@codecowboy It doesn't. It always returns an integer in the range [0, (2^32)-1]. It's the modulo that limits the upper-bound of the range to the number you specify.
    – mota
    Mar 23, 2013 at 5:04
  • 1
    Wouldn't this give a random number between 0 and 73?
    – Tom Howard
    May 11, 2015 at 15:18

Use the arc4random_uniform(upper_bound) function to generate a random number within a range. The following will generate a number between 0 and 73 inclusive.


arc4random_uniform(upper_bound) avoids modulo bias as described in the man page:

arc4random_uniform() will return a uniformly distributed random number less than upper_bound. arc4random_uniform() is recommended over constructions like ``arc4random() % upper_bound'' as it avoids "modulo bias" when the upper bound is not a power of two.

  • 32
    Note that arc4random_uniform() requires iOS 4.3. In case you're supporting older devices, you should add a check: #if __IPHONE_OS_VERSION_MIN_REQUIRED >= __IPHONE_4_3 If it fails the check, fall back to another solution.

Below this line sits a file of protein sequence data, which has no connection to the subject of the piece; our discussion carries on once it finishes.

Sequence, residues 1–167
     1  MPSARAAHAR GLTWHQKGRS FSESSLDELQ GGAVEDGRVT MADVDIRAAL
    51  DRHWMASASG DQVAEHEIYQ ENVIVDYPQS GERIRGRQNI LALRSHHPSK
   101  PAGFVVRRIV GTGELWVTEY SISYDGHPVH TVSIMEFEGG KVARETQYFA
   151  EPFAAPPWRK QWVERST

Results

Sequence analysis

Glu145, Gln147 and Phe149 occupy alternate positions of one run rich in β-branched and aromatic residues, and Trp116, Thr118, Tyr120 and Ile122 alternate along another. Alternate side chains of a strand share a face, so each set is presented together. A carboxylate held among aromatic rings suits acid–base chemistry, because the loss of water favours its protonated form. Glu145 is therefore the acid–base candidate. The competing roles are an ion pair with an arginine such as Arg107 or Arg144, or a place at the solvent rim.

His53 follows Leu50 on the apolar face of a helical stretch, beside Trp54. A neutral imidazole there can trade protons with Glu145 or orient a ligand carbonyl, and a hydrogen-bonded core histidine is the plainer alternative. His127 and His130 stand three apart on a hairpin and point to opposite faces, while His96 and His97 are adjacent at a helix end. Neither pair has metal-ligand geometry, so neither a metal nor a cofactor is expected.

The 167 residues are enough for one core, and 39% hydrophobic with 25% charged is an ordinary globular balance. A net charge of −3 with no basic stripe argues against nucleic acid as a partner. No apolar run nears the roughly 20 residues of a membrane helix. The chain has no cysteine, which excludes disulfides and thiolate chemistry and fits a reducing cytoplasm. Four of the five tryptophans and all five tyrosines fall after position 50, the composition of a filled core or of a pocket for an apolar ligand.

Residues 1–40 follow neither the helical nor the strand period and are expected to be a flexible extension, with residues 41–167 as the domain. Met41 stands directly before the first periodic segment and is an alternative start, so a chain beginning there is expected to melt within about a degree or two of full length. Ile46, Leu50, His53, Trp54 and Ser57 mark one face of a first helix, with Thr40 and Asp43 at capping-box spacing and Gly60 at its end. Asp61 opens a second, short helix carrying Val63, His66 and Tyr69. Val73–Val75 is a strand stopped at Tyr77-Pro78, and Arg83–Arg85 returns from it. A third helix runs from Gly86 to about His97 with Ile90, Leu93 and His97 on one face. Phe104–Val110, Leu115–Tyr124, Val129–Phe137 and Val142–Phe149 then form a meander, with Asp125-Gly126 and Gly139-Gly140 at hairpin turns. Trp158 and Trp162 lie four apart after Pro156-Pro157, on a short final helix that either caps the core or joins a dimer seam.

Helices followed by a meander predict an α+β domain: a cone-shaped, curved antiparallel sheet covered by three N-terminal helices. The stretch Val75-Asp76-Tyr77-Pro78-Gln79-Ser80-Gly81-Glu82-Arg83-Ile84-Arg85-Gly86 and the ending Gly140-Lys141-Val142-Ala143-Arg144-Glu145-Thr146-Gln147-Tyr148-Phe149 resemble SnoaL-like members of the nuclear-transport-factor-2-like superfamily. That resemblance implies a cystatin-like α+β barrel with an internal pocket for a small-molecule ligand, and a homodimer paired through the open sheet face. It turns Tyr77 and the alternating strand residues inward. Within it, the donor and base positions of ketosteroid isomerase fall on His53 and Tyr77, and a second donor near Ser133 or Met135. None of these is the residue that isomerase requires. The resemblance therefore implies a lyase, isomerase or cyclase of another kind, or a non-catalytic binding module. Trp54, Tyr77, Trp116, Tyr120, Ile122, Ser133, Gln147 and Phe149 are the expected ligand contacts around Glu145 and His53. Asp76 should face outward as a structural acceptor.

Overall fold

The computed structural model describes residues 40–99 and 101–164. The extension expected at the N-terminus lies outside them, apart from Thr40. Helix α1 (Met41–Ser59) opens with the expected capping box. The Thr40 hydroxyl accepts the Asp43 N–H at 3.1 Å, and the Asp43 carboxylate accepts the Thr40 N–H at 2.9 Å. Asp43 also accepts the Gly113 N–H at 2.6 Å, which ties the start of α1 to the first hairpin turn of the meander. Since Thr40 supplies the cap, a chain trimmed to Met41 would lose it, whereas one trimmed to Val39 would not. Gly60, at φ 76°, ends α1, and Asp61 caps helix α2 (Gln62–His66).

– Ron
    Jan 20, 2012 at 0:39
  • 6
    arc4random_uniform() requires 10.7 or later as well. It crashes your app in 10.6
    – Tibidabo
    Oct 13, 2012 at 5:57
  • @Tibidabo Your comment is very false and misleading. I just tired using arc4random_uniform() on iOS 10.3 and there are no problems. It doesn't require 10.7 or later
    – Fourth
    Oct 30, 2017 at 22:54
  • 1
    @Fourth There is no such thing as iOS 10.7, it is macOS 10.7. It has been more than 5 years since I wrote the comment it was max iOS 5 back then.
    – Tibidabo
    Oct 31, 2017 at 23:46

Same as C, you would do

#include <time.h>
#include <stdlib.h>
int r = rand() % 74;

(assuming you meant including 0 but excluding 74, which is what your Java example does)

Edit: Feel free to substitute random() or arc4random() for rand() (which is, as others have pointed out, quite sucky).

  • 45
    -1. You need to seed the random number generator or you will get the same pattern of numbers on each execution. Nov 8, 2009 at 22:29
  • How about I want to start from a different number than zero?
    – amok
    Jun 15, 2010 at 14:37
  • 3